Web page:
Since the COVID-19 outbreak began, people of all ages have caught the illness. But it appears something is protecting kids against COVID-19, as few who catch it experience severe symptoms or die from the disease.
Researchers are currently unable to say why this might be — but if they can figure it out, the knowledge could help people of all ages fighting the disease.
"If we can somehow mimic the children's immune system, using therapeutics or drugs, maybe it just becomes a mild infection even in adults," immunologist Akiko Iwasaki told New Scientist.
Kids vs. COVID-19
COVID-19 is much deadlier than the flu, but it is similar to influenza in other ways: both are infectious respiratory illnesses caused by viruses. They share many of the same general symptoms — fever, cough, and fatigue — and are transmitted in similar ways.
The age range of people who've caught COVID-19 so far spans from just two days to 103 years old. But most children appear to get only mild cases of COVID-19.
That is, if they catch the coronavirus at all. A John Hopkins study of 72,314 COVID-19 cases in China found that less than 1% of patients were children younger than 10 — and at the time of the study, no children in that age group had died from the illness. Another study found that only nine infants had contracted the virus in China, and all had mild symptoms.
"With respiratory infections like this, we usually see a U-shaped curve on who gets hits hardest — young children at one end of the U because their immune systems aren't yet developed and old people at the other end because their immune systems grow weaker," virologist Vineet Menachery told The Washington Post. "With this virus, one side of the U is just completely missing."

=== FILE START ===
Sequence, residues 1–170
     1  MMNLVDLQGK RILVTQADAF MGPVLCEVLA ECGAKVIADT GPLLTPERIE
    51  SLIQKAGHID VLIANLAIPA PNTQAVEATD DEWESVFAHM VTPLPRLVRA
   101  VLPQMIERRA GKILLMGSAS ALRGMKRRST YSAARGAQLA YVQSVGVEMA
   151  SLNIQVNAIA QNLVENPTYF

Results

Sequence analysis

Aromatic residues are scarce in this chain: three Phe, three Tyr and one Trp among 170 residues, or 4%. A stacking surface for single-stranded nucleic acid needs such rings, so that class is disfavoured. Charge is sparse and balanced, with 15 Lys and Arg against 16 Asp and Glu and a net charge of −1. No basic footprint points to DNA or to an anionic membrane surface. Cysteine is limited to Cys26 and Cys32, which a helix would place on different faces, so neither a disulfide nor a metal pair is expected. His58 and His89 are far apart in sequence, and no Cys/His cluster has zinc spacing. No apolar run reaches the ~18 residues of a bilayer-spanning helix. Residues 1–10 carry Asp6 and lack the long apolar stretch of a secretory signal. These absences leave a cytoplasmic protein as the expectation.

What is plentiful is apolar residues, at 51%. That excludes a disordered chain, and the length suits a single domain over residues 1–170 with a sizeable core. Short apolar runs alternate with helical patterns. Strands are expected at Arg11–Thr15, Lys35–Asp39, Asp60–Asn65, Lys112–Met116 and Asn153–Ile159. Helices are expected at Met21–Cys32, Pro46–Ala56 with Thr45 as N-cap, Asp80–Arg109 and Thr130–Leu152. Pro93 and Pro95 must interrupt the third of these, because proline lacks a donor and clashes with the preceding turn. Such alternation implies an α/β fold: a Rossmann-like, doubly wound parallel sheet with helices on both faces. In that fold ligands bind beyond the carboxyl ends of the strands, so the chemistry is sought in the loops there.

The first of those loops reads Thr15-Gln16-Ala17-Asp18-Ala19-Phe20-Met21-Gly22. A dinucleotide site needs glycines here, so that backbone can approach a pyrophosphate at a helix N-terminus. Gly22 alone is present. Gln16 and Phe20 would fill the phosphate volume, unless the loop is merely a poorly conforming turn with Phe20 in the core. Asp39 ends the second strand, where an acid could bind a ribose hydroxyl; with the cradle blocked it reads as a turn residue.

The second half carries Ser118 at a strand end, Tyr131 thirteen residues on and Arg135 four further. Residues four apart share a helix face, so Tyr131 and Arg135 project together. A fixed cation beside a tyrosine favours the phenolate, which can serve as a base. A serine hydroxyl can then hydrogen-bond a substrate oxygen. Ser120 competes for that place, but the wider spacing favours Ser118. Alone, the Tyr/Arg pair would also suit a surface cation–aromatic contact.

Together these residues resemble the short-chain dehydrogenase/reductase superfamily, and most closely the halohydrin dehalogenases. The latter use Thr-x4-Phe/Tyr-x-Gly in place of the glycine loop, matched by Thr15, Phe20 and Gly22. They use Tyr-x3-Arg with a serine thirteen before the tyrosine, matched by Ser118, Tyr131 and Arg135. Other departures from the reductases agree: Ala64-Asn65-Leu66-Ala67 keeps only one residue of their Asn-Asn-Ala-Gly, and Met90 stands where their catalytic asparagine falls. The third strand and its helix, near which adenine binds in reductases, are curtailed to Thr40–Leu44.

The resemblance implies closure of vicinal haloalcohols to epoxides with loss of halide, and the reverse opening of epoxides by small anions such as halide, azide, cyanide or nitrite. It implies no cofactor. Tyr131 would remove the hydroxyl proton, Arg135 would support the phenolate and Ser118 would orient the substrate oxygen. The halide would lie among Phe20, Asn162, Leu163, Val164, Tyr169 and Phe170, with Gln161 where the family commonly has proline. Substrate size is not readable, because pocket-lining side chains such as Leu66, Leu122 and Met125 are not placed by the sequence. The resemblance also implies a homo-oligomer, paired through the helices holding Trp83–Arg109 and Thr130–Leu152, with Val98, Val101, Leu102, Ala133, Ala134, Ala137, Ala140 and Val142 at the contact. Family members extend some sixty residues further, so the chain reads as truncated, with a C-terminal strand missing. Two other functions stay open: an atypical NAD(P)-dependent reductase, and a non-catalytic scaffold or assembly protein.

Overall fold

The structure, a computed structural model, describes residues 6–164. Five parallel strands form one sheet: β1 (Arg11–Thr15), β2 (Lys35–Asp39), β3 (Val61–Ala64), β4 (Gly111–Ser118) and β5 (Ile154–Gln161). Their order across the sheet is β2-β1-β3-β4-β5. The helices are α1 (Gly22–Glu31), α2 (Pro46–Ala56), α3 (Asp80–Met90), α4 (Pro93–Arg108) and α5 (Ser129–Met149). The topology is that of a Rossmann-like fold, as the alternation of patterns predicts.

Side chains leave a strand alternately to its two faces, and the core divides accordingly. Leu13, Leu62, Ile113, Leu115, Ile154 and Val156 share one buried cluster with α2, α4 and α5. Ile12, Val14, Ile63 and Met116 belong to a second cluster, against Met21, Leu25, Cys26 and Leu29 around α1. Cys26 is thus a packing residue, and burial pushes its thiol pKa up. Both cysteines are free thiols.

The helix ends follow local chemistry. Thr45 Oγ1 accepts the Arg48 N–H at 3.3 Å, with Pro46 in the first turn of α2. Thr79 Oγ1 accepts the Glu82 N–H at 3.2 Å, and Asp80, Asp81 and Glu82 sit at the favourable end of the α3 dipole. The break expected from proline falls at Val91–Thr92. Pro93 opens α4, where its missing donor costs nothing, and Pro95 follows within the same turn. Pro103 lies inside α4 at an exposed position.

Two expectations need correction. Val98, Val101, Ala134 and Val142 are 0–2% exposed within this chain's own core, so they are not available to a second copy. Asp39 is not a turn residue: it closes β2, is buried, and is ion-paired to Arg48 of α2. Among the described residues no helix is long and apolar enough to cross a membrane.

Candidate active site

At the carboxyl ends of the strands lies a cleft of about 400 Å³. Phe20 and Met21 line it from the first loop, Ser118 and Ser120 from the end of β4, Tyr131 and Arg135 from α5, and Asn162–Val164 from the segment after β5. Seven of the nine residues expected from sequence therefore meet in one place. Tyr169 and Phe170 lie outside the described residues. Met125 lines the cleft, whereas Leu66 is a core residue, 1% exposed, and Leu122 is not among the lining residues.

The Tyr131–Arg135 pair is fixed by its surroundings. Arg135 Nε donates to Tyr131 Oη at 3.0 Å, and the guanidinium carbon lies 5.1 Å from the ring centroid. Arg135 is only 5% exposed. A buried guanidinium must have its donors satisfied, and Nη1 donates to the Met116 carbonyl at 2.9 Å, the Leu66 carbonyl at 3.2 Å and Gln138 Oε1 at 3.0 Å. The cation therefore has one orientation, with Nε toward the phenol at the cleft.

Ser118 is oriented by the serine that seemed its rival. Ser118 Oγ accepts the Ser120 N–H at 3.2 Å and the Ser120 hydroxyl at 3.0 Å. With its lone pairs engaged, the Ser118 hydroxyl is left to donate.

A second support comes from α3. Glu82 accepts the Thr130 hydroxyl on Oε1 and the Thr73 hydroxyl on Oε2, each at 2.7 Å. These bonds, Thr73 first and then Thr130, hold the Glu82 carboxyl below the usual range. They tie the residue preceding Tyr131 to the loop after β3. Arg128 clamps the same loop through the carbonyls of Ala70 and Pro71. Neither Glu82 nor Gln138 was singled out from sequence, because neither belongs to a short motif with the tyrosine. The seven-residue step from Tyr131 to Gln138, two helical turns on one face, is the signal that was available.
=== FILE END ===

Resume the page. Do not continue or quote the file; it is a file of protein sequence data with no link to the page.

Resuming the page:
Role of the Immune System
The fact that something appears to be protecting kids against COVID-19 has left Menachery and other researchers both puzzled and intrigued.
In an attempt to get to the bottom of the mystery, Menachery infected mice of various ages with COVID-19's cousin SARS in his University of Texas lab. In the 2003 SARS outbreak, very few children contracted that virus, either, and, amazingly, none died.
If we can somehow mimic the children's immune system, using therapeutics or drugs, maybe it just becomes a mild infection even in adults.
As seen in humans, the baby mice were far more likely than the older mice to overcome the infection. Also as seen in humans, the deaths of the older mice appeared closely linked to how their immune systems reacted to the virus.
"It's the aggressive response from their immune system that is damaging them, even more than the infection itself," Menachery told The Washington Post. "It's like police responding to a misdemeanor with a SWAT team crashing through the door."
So, if it's this less-intense immune system response that is protecting kids against COVID-19, the next step is figuring out why a young immune system responds differently than an older one.
Virologist Wendy Barclay at Imperial College London told New Scientist she suspects it could have something to do with the fact that children haven't had time to accumulate antibodies to similar — but not identical — viruses.
"Sometimes unmatched antibodies can be more harmful than good," she explained.
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Other researchers aren't yet convinced that the immune system holds the answer to the question of what's protecting kids against COVID-19, though — they think it might have something to do with their young lungs.
"We know the lung environment really matters with this class of respiratory viruses," virologist Stanley Perlman told Wired. "As people age, that lung environment changes. It gets pelted with pollen and pollution and the body responds with inflammation. A history of inflammation may impact how well you do with coronaviruses."
While researchers might have different ideas as to what's helping children combat COVID-19, they all seem to agree on one thing: if we can translate young people's extra protection into a treatment for the illness, it could be the key to weathering the pandemic for everyone.